Some signs to watch for include:

  • the presence of new or rapidly growing lumps or bumps on the skin, particularly those that don’t seem to heal or that show signs of ulceration.
  • Unusual sores, wounds, or scabs that fail to resolve should also be monitored.
  • Changes in the color, shape, or size of existing moles or skin tags can be indicative of skin cancer.

​Common Types of Skin Cancer in Dogs

In dogs, the most common types of skin cancer are mast cell tumors, melanomas, and squamous cell carcinomas.

Mast cell tumors make up 20% of all skin tumors in dogs. Unfortunately, it’s hard to tell what a lump is with the naked eye. They can vary in appearance and behavior, ranging from benign to malignant.

Early detection and proper diagnosis are crucial to managing skin cancer and improving the outcome for our canine companions.

The following are the five most common types of skin cancer in dogs:

Mast Cell Tumor

Mast cell tumors (MCTs) are a common type of skin cancer in dogs that originate from mast cells, which are part of the immune system.

MCTs can vary in appearance, appearing as raised bumps or masses on the skin. They can occur anywhere on a dog’s body and are more prevalent in certain breeds.

READ: Mast Cell Tumor Dog Life Expectancy


Melanoma is a type of cancer that can affect the skin and other tissues in dogs. They originate from pigment-producing cells and can occur in any area of the body, including the mouth, nail bed, or lightly haired areas exposed to the sun (nose, ears, or belly).

Dogs with darker pigmentation, like Doberman Pinschers, Scottish Terriers, and Labrador Retrievers, may be at higher risk.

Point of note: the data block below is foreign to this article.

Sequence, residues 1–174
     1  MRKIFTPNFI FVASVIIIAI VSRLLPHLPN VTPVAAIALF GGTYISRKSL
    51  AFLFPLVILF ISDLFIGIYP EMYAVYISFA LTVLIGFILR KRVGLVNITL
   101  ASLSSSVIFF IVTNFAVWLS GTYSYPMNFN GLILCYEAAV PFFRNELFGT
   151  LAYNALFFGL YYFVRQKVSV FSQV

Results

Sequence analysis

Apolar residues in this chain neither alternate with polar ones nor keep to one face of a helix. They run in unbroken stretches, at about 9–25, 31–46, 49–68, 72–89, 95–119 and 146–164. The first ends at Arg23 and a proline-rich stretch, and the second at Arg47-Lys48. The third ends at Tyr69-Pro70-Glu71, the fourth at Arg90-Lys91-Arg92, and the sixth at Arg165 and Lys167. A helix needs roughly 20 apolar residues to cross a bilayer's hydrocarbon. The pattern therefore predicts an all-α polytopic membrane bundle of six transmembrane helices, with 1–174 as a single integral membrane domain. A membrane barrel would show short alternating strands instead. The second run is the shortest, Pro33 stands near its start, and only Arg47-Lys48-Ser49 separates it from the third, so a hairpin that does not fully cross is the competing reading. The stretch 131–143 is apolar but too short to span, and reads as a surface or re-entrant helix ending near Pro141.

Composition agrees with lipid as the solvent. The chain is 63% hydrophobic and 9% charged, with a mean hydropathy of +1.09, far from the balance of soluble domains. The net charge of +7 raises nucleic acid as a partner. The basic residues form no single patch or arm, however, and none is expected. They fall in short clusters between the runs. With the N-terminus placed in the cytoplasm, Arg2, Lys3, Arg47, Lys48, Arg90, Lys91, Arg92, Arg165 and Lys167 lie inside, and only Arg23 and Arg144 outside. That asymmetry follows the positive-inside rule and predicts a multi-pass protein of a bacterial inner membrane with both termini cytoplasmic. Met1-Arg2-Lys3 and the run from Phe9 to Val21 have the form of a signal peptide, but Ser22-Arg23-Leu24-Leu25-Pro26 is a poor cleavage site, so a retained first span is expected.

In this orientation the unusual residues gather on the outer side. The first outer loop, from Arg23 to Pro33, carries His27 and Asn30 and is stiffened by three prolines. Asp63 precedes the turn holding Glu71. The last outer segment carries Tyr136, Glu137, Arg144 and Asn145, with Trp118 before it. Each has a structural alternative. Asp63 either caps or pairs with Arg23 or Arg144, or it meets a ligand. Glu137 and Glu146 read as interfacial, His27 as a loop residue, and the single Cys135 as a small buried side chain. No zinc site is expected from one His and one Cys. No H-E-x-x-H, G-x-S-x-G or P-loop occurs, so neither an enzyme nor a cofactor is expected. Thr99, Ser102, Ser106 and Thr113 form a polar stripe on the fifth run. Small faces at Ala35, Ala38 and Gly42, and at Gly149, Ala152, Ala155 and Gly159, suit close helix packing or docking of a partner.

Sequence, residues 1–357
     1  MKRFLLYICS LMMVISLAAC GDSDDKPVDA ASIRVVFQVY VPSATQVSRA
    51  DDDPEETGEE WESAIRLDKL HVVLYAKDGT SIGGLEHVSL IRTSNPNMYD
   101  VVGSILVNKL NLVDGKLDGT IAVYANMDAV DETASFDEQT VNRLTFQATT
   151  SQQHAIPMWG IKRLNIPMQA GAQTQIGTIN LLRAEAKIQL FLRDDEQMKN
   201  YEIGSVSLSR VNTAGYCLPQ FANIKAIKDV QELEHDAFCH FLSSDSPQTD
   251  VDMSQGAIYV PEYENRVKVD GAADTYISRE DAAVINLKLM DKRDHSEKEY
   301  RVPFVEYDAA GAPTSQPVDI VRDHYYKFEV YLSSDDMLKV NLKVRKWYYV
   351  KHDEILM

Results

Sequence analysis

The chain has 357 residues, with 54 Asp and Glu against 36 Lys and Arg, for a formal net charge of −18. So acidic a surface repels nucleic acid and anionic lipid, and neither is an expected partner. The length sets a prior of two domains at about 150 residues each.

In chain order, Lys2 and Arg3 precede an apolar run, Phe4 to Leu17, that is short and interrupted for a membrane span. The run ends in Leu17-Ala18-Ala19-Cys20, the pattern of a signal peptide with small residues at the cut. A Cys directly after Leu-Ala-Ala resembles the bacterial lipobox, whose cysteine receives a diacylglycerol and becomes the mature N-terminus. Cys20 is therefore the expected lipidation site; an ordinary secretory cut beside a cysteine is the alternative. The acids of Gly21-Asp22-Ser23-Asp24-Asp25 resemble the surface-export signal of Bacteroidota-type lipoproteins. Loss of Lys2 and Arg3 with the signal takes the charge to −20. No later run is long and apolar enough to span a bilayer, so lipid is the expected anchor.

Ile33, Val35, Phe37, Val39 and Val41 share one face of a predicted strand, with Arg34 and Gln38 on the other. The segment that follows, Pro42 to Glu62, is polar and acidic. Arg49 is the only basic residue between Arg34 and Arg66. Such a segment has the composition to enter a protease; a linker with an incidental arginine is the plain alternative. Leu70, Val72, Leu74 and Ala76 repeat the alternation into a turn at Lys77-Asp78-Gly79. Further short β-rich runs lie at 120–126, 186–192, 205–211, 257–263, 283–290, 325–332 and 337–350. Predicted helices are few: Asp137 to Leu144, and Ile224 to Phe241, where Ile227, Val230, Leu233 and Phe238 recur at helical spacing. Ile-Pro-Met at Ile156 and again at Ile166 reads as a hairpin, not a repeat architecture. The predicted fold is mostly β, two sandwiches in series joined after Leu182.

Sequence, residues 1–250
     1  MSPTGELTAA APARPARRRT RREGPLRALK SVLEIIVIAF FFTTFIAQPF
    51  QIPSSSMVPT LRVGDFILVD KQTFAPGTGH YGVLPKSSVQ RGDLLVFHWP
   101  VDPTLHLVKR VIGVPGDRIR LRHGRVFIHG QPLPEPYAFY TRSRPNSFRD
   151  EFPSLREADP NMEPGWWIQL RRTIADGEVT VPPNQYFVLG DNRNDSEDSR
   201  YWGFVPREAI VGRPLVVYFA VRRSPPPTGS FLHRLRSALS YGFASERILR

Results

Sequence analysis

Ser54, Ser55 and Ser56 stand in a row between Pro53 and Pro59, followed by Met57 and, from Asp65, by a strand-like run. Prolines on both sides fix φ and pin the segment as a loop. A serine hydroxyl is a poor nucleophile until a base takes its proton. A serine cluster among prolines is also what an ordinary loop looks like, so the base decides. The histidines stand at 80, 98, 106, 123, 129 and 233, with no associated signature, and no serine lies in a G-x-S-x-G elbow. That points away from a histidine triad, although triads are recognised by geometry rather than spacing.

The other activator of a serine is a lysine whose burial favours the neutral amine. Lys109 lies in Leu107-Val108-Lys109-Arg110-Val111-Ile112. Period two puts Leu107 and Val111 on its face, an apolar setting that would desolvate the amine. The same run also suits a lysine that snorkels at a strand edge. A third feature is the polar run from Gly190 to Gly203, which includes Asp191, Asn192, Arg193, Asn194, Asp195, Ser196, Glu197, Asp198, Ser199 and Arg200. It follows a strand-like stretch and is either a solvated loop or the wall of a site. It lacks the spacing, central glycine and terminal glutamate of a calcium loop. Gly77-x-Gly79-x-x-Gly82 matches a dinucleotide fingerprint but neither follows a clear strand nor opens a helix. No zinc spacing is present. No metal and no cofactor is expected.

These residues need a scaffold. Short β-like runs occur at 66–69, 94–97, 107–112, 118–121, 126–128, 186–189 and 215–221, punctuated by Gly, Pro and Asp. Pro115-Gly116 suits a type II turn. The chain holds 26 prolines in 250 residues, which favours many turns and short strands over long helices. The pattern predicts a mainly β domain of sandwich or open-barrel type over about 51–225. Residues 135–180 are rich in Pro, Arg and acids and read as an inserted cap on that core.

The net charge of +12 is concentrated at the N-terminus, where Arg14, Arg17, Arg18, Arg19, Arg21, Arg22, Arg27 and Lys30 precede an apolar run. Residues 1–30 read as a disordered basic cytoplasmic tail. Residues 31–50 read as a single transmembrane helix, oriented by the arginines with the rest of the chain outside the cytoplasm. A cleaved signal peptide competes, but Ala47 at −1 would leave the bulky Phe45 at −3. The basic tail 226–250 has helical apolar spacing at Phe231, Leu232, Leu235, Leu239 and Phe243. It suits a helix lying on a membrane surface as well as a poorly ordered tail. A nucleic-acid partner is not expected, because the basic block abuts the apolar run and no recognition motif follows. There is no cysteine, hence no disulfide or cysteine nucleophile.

It’s important to note that any skin cancer that develops in a dog’s toes or toenails is very painful. Development of melanoma in this area is very serious and may require amputation of the toe or toes.

According to VCA Hospitals, melanomas of the toe are more aggressive. Nearly 30% of dogs have signs that the cancer has spread to other parts of the body at the time of diagnosis.

Common signs of melanoma in dogs include:

  • Development of abnormal growths
  • Pigmented or discolored skin.
  • Dark, irregularly shaped patches or lumps on the skin
  • Changes in the size, color, or texture of existing pigmented areas.
  • Melanomas can sometimes ulcerate, leading to open sores that may bleed or become infected.
  • Melanomas that develop in the toes or nail beds can cause lameness or limping.
  • Melanomas can occur in the mouth, gums, or tongue. Look out for signs of bad breath, difficulty eating or swallowing, drooling, or oral bleeding.

The types of melanomas are benign melanocytomas (usually non-aggressive), and malignant melanomas (more aggressive and may spread to other parts of the body.

There is a melanoma vaccine available, but it’s not meant as a preventative. Instead, the vaccine trains the dog’s immune system to right melanoma tumor cells.